Alesina’s papers were seriously shonky. They have been meticulously taken apart by some of the world’s most respected economists, including Nobel laureates Joseph Stiglitz and Paul Krugman. The paper claimed to find a number of examples in which countries with austerity policies had experienced good growth, but its basic mistakes were so great that it didn’t realise – or didn’t acknowledge – that in fact these economies had not expanded at all but contracted. Nevertheless, it was enormously influential and has caused untold misery for many millions of people.

The other paper, Growth in a Time of Debt, was by Harvard economists Kenneth Rogoff and Carmen Reinhart.  They argued that debt above 90% of GDP was particularly harmful to economic growth but made basic mistakes in a spreadsheet, embarrassingly discovered later by a postgraduate student, that fundamentally skewed their results. One authoritative review concluded that ‘coding errors, selective exclusion of available data, and unconventional weighting of summary statistics lead to serious errors that inaccurately represent the relationship between public debt and GDP growth among 20 advanced economies in the post-war period’.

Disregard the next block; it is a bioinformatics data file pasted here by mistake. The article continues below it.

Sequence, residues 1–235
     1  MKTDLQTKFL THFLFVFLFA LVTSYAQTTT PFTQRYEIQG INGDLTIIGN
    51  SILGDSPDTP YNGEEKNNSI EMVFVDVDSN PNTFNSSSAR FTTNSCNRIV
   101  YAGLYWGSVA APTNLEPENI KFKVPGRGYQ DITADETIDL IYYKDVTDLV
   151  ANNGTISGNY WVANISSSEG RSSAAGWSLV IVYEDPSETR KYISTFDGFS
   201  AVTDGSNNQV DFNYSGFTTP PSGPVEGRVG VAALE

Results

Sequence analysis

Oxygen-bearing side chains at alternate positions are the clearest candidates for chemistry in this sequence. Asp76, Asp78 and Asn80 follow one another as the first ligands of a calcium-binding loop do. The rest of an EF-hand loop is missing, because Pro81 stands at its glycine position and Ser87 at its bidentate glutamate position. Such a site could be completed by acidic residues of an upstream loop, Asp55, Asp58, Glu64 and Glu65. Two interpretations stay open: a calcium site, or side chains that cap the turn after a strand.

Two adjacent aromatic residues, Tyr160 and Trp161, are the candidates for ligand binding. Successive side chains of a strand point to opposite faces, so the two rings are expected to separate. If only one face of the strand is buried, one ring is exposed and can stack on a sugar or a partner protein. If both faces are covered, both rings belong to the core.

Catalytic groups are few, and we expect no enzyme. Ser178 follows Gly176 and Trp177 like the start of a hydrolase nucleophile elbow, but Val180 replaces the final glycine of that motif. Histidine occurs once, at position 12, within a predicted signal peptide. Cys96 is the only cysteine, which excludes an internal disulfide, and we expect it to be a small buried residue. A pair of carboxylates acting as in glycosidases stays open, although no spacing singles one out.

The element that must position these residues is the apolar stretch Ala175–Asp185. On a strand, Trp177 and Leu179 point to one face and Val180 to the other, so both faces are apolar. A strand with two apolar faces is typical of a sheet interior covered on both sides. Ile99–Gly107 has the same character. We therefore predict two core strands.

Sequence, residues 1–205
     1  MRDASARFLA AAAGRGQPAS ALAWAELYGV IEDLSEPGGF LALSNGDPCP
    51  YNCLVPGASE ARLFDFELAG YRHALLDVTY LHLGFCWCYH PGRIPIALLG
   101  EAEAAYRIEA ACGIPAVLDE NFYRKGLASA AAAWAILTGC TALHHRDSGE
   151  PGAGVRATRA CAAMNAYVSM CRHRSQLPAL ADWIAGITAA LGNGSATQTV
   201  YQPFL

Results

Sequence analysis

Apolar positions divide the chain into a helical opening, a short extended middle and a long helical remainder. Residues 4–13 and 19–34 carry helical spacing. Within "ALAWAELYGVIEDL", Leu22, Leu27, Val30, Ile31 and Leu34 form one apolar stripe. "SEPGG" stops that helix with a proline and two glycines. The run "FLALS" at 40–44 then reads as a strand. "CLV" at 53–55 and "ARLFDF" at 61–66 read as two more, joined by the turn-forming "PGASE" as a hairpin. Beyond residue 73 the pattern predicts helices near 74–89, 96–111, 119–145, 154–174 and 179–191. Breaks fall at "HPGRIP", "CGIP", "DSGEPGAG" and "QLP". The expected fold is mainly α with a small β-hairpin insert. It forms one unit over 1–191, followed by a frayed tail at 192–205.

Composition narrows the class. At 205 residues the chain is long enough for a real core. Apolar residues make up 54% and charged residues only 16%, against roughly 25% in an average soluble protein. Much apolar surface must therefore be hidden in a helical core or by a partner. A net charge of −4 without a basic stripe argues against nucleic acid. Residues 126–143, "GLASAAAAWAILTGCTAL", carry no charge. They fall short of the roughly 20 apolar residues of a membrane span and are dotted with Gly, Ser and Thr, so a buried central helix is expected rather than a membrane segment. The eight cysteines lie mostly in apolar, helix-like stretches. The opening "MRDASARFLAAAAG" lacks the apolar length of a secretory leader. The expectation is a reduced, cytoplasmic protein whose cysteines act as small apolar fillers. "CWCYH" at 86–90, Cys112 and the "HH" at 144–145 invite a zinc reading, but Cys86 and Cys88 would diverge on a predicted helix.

But even if ‘expansionary austerity’ could work at a national level, it could never be successfully applied to an Australian state. At the state level, public and private sectors are not in competition with each other. In all the major areas in which the state government works, the private sector is largely absent. Nobody expects Healthscope to take over the Royal Hobart Hospital: the reverse is in fact more likely. How could fee-paying private schools replace government schools? Are roads to all have tolls on them? Who will run the courts and the police? There is simply no possibility of the public sector in Tasmania crowding out the private sector.

And with less money going into the economy, and with fewer government employees each earning lower wages, we have lower consumption and a less prosperous private economy than would otherwise be the case.

The government is not listening to any of this. There is no evidence that they care what is happening in public hospitals. No matter what doctors, nurses and patients say, no matter how strong the evidence is, they will continue along the route they have set.

Martyn Goddard is a public policy analyst based in Hobart.